The Hateful Eight is only the third Tarantino film I’ve seen in the theater (the other two are Jackie Brown and Django Unchained). I’ve seen most, but not all, of Kill Bill on TV, but nothing else. I have a hard time with the hype around Tarantino, which started right away with Pulp Fiction and has never let up. I also find his public persona such a complete jackass that I have a hard time getting past it. I know I shouldn’t judge an artist by their public persona, but sometimes I’m weak that way. I have the same problem with Lars Von Trier. So it’s probably not saying much to say that of what I’ve seen so far, The Hateful Eight is by far my favorite Tarantino film. Jackie Brown was my previous favorite, and I still have to give it points for the character of Jackie herself, who is unusual from what else I’ve seen by Tarantino so far in that she isn’t driven by the need for vengeance.
I saw The Hateful Eight in 70mm, which I’ve heard is a different, longer version of the film than the regular format version, although I really haven’t dug into the details. Despite the fact that the Pacific Place projection looked just slightly out of focus to me, it still looked magnificent, the Morricone soundtrack is thunderously great, and the acting is excellent from top to bottom. I hadn’t realized going in that the story was once again the Matter of America, which is to say slavery and the Civil War. But Tarantino atones for the boneheaded move in Django Unchained of making the house slave a greater villain than the slavemaster. Here white racism is endemic and pervasive, and the price paid by the black characters, including Samuel Jackson’s bounty hunter, is painfully clear. What’s interesting, however, is how Tarantino indulges in a utopian resolution (and this is at least a mild spoiler) in which the racist cracker sheriff finally makes common cause with the black bounty hunter, which is one of the fondest dreams of white American progressives but which sounds a particularly false note in a year in which racist crackers are reacting to their hatred of a black president by rallying around the fascist Donald Trump.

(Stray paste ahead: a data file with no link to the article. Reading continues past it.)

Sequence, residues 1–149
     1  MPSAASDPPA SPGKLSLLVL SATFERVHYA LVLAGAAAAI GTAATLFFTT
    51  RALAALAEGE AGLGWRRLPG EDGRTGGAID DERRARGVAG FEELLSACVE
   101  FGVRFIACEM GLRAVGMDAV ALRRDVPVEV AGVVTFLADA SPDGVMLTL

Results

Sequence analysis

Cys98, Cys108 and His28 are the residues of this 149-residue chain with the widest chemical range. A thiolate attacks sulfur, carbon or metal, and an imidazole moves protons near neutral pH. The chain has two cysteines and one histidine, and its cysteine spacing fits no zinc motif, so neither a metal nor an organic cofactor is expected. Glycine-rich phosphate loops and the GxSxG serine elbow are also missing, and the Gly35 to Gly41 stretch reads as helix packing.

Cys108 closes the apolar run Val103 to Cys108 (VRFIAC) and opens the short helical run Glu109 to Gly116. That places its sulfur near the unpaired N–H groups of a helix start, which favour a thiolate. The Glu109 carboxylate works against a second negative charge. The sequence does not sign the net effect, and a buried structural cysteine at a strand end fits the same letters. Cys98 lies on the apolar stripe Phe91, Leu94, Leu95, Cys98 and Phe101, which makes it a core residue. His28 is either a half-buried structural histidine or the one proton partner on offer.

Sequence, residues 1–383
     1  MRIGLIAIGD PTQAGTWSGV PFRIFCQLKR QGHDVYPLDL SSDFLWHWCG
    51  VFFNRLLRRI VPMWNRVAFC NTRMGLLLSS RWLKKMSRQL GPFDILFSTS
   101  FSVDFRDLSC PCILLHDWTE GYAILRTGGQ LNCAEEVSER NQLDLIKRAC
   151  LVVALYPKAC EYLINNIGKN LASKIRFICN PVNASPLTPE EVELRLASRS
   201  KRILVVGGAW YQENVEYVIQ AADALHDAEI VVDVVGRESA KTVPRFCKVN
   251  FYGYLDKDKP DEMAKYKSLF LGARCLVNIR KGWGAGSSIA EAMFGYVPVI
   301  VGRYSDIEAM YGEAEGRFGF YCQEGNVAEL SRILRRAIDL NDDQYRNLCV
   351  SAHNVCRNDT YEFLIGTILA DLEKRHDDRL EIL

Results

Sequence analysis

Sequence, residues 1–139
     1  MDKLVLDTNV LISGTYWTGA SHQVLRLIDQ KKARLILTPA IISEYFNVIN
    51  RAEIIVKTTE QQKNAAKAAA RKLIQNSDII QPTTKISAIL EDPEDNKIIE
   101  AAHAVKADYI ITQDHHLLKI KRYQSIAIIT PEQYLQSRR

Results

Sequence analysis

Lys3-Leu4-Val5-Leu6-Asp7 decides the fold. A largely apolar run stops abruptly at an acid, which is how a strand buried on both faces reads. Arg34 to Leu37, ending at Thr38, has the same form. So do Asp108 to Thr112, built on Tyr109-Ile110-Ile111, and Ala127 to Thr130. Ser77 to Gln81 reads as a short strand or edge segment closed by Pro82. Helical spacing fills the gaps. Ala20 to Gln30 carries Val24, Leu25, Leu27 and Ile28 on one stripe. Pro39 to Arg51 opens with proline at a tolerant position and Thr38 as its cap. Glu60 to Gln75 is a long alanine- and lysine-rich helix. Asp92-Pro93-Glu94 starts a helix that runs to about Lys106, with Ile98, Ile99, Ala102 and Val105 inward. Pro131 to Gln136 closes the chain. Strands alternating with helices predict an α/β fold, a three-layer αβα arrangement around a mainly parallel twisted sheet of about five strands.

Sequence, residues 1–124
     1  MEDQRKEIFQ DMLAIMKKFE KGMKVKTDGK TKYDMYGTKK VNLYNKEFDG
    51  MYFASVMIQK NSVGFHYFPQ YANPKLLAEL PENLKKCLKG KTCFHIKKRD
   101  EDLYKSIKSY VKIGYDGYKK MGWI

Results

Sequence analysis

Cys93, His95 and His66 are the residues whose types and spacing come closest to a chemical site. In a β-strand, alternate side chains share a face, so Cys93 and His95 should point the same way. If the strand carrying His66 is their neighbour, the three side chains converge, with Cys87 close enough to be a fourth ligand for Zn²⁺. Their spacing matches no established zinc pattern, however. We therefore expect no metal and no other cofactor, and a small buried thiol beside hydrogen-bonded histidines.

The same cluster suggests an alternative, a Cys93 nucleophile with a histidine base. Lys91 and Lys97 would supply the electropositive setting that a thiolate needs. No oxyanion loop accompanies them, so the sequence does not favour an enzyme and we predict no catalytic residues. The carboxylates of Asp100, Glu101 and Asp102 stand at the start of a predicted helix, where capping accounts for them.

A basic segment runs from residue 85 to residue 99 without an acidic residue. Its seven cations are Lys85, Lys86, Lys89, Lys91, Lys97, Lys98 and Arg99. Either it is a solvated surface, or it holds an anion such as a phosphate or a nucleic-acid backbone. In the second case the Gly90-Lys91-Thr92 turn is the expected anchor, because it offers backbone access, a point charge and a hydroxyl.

It’s also telling that the great alliance dreamed up by Tarantino is made in the cause of (spoiler again) killing a despicable female character. Jennifer Jason Leigh is utterly terrific in the role, but once again Tarantino bathes us in testosterone and blood, with phallocentric climaxes both in Jackson’s eloquent and hilarious monologue on his humiliation of the son of a Confederate general and in Jackson’s own painful comeuppance in the end. I don’t think I’ve ever used the word phallocentric in a sentence before, but it seems completely appropriate here. There are some more female characters in the film, mostly in a flashback in the final act, but for the most part this is a sausage fest, and Tarantino gets to add “bitch” to his edgy, provocative (or self-congratulatory?) freedom with the word “nigger”. I guess he thinks he has a Bitch Pass to go with his Nigger Pass.
So while I loved this movie, I still don’t love the film maker. My invidious diatribe would be that it’s shameful that Tarantino gets money thrown at him to make these feel good blood baths while a truly great and challenging director like Kathryn Bigelow hasn’t gotten the funding to make another movie since Zero Dark Thirty, possibly because too many nitwits wanted to be told that torture is unequivocally evil rather than be asked the more conflicted question of whether the killing of Osama Bin Laden was in fact worth the moral price we collectively and complicitly paid. Same as it ever was, I guess. End of rant, and carry on, Quentin. Now I’m curious to see the non-70mm version and how it might be different.